Just ten years ago, archaeologists analysing the skeletal remains of Roman Era inhabitants of Upper Egypt and adjacent Nubia during the early 1st century CE found the presence of tetracycline, an antibiotic in use today for treating bacterial infections. The Egyptians ingested tetracycline with a special beer concoction not unlike sour porridge. Further investigation revealed that retrieved Roman Era samples were identical in substance to the same beverage dating to the advent of Pharaonic Civilisation, more than three thousand years before.
Related evidence in the form of surviving medical papyri revealed how dynastic physicians and brewers deliberately contaminated their beer with streptomyces, tetracycline-producing soil bacteria that thrives in the arid conditions of the Egyptian desert. Their grain thus laced with tetracycline, the Egyptians observed how it cured them of various bacterial ailments, five thousand years before the discovery of penicillin by Alexander Fleming, in 1928. Their high level of medical science helps explain why many residents of the Nile Valley experienced healthy longevity, such as the famous Pharaoh Ramses II, who lived to celebrate his ninety-seventh birthday.
Advances in Egyptian dentistry were constantly stimulated by the country’s persistent problem of sand blown by desert winds into food consumption, a dilemma that occasioned the world’s oldest known recipe for toothpaste. The 4th century CE papyrus is a Greek-language copy of a traditional Egyptian invention already in common use at the outset of the 1st Dynasty, thirty-four hundred years earlier. The original formula calls for one drachma (one-hundredth of an ounce) of rock salt, another drachma of mint, and one more drachma of dried iris, plus twenty grains of pepper.
Dentists only recently re-discovered the beneficial properties of the iris flower, which has been found effective against gum disease and is now in commercial use again after the passage of sixteen centuries – yet another example of an ancient innovation reaching out from the deep past to influence modern technology. According to the sixteen hundred-year-old papyrus, all its specified ingredients should be crushed and mixed together into a “powder for white and perfect teeth.” It was discovered by Dr Hermann Harrauer, in charge of the papyrus collection at Vienna’s National Library, in 2002, atop a rubbish dump outside the modern Egyptian town of Al-Mahamid Qibly, the dynastic Imiotru, known to the Greeks as Crocodilopolis because it housed the most prominent Early-Middle Kingdom sanctuary (2050 BCE–1652 BCE) of the crocodile-god Sobek.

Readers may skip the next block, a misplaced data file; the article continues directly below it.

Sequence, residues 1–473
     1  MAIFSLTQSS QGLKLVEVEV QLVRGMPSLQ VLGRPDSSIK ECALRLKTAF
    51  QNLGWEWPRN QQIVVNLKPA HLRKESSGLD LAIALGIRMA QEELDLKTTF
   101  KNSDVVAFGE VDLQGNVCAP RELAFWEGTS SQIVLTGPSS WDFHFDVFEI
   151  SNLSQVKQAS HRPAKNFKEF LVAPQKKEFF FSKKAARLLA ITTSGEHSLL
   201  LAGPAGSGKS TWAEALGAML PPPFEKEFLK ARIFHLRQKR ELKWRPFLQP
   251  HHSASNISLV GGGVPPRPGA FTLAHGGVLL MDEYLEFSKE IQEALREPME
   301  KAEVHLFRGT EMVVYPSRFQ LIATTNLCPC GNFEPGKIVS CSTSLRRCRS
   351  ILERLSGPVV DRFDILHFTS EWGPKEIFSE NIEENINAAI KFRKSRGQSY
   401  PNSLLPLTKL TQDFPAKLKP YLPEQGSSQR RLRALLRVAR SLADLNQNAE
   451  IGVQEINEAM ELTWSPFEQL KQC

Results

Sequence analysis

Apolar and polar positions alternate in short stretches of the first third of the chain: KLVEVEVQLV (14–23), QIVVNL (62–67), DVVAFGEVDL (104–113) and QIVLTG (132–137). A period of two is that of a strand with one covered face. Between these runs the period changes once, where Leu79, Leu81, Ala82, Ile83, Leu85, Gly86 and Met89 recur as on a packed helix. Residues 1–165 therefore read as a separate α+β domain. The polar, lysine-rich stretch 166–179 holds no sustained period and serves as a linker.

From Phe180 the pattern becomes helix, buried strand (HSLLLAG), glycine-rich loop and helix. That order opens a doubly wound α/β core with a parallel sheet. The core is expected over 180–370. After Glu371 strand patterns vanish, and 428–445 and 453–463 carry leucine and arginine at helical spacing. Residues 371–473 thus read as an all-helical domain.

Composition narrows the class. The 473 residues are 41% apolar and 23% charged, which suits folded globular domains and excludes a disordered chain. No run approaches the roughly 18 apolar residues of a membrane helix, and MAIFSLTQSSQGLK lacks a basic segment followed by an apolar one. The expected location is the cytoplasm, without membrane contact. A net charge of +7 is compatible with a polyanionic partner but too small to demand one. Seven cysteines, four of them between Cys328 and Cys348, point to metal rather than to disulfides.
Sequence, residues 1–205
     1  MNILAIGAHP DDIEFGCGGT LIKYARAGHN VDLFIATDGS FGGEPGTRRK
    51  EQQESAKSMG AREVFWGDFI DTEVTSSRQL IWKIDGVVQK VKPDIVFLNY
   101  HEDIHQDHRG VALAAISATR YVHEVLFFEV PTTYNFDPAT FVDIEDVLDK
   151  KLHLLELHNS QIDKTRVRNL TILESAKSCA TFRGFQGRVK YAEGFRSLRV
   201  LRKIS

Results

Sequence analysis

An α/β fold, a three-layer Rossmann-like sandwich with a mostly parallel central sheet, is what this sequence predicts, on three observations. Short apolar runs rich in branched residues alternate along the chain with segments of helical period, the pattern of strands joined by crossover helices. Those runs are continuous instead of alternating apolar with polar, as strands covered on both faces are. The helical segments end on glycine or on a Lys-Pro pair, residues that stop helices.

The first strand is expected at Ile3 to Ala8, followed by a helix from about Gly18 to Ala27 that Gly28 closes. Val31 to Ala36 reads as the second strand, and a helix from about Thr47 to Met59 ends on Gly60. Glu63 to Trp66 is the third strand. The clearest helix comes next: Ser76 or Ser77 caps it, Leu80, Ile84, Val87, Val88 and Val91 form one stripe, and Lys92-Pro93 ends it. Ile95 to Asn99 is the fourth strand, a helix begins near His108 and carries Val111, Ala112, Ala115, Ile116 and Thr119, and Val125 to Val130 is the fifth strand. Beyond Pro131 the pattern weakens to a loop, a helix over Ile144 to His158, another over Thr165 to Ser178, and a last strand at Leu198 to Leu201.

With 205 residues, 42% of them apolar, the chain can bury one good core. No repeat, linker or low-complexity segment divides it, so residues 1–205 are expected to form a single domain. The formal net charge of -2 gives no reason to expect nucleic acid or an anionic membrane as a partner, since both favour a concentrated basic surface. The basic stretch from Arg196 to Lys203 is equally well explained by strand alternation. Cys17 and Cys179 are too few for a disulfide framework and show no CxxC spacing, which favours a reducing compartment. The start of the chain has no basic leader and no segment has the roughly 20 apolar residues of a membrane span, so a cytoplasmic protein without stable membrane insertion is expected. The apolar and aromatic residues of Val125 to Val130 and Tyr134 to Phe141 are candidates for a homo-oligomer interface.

His name is a participial form of the verb sbq, “to unite,” or “create wholeness,” i.e., “health,” and therefore appropriate to the discovery of a toothpaste recipe, especially given Sobek’s abundant and powerful teeth. “It was written,” observed Dr Harrauer, “by someone who obviously had some medical knowledge as he used abbreviations for medical terms.” The ancient Nile Valley cleaning agent was faithfully replicated by an Austrian dentist, Dr Heinz Neuman. “Nobody in the dental profession,” he declared, “had any idea that such an advanced toothpaste formula of this antiquity existed.” A colleague volunteered to personally test the recreation. “I found that it was not unpleasant,” said Dr Neuman. “It was painful on my gums and made them bleed, as well, but that’s not a bad thing, and afterwards my mouth felt fresh and clean. I believe that this recipe would have been a big improvement on some of the soap toothpastes used much later.”
Anglo-American soap industrialist William Colgate began marketing the first commercial toothpaste in 1873, but it was hygienically inferior to its pharaonic forerunner, which had been lost since the Ancient Old World collapsed. Egyptian dental care even extended to the invention of breath mints made, as recounted in a 16th Dynasty papyrus, from combining cinnamon, frankincense and myrrh, boiled together into a honey base, then shaped as small pellets for easy consumption. Myrrh, a natural gum extracted from tree resin, is analgesic – a pain killer. The Ancients’ greatest contribution to general health, however, was their institution of general hygiene.